Friday, April 20, 2012

UC Berkeley Capital Projects, Stadium Edition

The Wall Street Journal reports on the UC Berkeley administration's disastrous plans for financing the renovation of the football stadium. In short, the brilliant idea was to raise $270 million from the sale of seats, presumably to its hyper-rich, 1-percent alumni. As one might expect, things didn't quite work out as our highly-paid financial managers imagined: only $31 million (about 11 percent of the total) was raised over a period of three years, leaving us about $240 million in the hole.

Wonder who's going to get stuck footing the bill...
Although its $321 million price tag would make it one of the most expensive renovations in college sports history, the university said the project would be funded privately, largely through long-term seat sales and naming rights.

But three years into the fund-raising effort, a projected $270 million from the sale of seats has failed to materialize. At the end of December, the school had collected only $31 million in the first three years of the sale. Now it has become clear that the university will have to borrow the vast majority of the money.

In recent interviews, university officials acknowledge that if revenue projections fall short and won't cover the bond payments, the shortfall "would have to come from campus."

The idea that money for the football stadium could come from campus funds, which include student fees, is an admission likely to stir outrage at a school that's already facing possible double-digit tuition increases. "It is disconcerting that the university may be gambling with student fees and other academic funds to cover a massive financial commitment for a football stadium," said Cal computer-science professor Brian Barsky.


The nearly half-billion-dollar Cal athletic project encompasses a $321 million renovation of Memorial Stadium that opens Sept. 1 and $153 million for a new multisport training facility. That's far more than Stanford University spent building a new stadium in 2006.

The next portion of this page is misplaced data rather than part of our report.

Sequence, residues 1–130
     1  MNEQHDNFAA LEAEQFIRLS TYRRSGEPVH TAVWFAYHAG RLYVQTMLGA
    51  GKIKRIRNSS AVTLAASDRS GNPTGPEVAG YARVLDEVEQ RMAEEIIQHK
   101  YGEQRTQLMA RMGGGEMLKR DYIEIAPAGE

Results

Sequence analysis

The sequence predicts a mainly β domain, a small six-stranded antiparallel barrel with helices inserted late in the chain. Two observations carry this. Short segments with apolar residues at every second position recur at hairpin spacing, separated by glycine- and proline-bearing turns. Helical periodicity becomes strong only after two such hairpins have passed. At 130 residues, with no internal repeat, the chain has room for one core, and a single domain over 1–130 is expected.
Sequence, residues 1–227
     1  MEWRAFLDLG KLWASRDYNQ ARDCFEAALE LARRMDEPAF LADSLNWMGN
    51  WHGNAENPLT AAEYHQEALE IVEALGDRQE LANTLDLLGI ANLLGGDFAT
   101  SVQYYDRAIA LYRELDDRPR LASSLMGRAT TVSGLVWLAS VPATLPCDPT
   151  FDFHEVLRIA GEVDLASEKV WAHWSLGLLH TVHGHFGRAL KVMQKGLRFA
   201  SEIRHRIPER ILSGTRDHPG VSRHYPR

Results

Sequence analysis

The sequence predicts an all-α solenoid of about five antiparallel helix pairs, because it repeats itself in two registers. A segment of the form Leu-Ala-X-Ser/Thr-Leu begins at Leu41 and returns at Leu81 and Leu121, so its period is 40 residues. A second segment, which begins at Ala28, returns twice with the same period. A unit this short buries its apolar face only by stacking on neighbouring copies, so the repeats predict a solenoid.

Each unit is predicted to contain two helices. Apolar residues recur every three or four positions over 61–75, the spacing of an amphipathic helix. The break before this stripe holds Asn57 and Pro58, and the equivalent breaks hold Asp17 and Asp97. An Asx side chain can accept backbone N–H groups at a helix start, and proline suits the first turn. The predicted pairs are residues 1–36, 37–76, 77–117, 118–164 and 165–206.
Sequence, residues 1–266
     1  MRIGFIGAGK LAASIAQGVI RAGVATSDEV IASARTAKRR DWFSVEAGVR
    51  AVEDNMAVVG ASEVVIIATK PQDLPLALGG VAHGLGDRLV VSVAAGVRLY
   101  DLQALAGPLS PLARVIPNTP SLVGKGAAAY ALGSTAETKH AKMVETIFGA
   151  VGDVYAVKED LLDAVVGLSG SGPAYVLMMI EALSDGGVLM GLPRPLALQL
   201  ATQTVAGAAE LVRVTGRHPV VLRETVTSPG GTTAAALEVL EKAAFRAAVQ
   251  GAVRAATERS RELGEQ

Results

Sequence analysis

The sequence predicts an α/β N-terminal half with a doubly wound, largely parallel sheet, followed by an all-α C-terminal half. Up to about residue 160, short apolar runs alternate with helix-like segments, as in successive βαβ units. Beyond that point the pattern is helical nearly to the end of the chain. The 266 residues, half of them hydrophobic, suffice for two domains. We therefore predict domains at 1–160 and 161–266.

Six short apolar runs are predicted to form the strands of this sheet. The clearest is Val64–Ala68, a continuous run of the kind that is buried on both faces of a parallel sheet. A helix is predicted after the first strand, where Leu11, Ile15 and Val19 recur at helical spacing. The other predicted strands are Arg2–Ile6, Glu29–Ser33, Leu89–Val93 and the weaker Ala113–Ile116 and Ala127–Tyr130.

In public pitches for the project starting in 2006, university officials talked about raising hundreds of millions through an "Endowment Seating Program" that was to endow all 29 of Cal's varsity sports and more yet by selling naming rights to various components of the stadium. The official name will remain Memorial in honor of war veterans. But the economic downturn hindered sales and by November 2010, [Sandy] Barbour [Cal's athletic director] had posted online a letter to fans saying she was "heartbroken that the program's intentions will, in all likelihood, not be fully realized."

The total bonded debt for the project, including the training center, will be $447 million. That's apparently an unprecedented amount of borrowing for a college-sports project, far above the $220 million that Minnesota borrowed to build a new stadium in 2009, the $200 million that Washington has borrowed for its stadium renovation and the $148 million that Michigan took out to add luxury seats that opened in 2010.


  1. you can thank Mr. Nathan Brostrom, among others.
    Formerly of JP Morgan, then CA Treasury, he's the embodiment of everything wrong in America: lauded as a genius money man, but in reality utterly lacking both common sense and the capacity for shame.

  2. Thanks for the reminder. We covered Brostrom's background here as well as also an earlier "episode" (debacle) regarding the financing of the new athletics facility here.

  3. Another example of inept leadership by University of California Berkeley Chancellor Birgeneau. I love University of California having been a student & lecturer. Like so many I am disappointed by Provost George Breslauer’s ($306,000 salary) and Chancellor Birgeneau’s ($450,000 salary) failure to arrest escalating costs/tuition. Birgeneau/Breslauer doubled instate tuition. On an all-in cost UC Berkeley (UCB) is the most expensive public university; more expensive than Harvard, Yale. The tuition increases have forced students to take on more debt to finance their education. In 2010, two-thirds of college seniors graduated with loans, and those loans averaged $25,250
    UC Berkeley ranked # 2 in faculty earning potential. Paying more is not a better university. Birgeneau/Breslauer dismissed: increasing the number of classes per faculty; eliminating courses with too few students; refraining from exorbitant salaries, bonuses; doubling the time between sabbaticals; freezing all vacant positions; freezing pay, benefits & reforming pensions, health costs. Birgeneau believes fiscal efficiency is not healthy for Cal. Exodus of faculty, chancellors, and administrators: who can afford them?
    An American Enterprise Institute study found that UCB can operate well on much leaner budgets. Californians agree it is far from the ideal situation.
    More recently, UC Berkeley Chancellor Birgeneau’s ($450,000 salary) and Provost George Breslauer’s ($306,000 salary) campus police rammed baton jabs on Cal. students protesting the doubling of tuition/fees by Birgeneau. Clean sweep: Birgeneau resigned; fire Breslauer.

    Send a forceful message that this simply isn’t acceptable. UC Board of Regents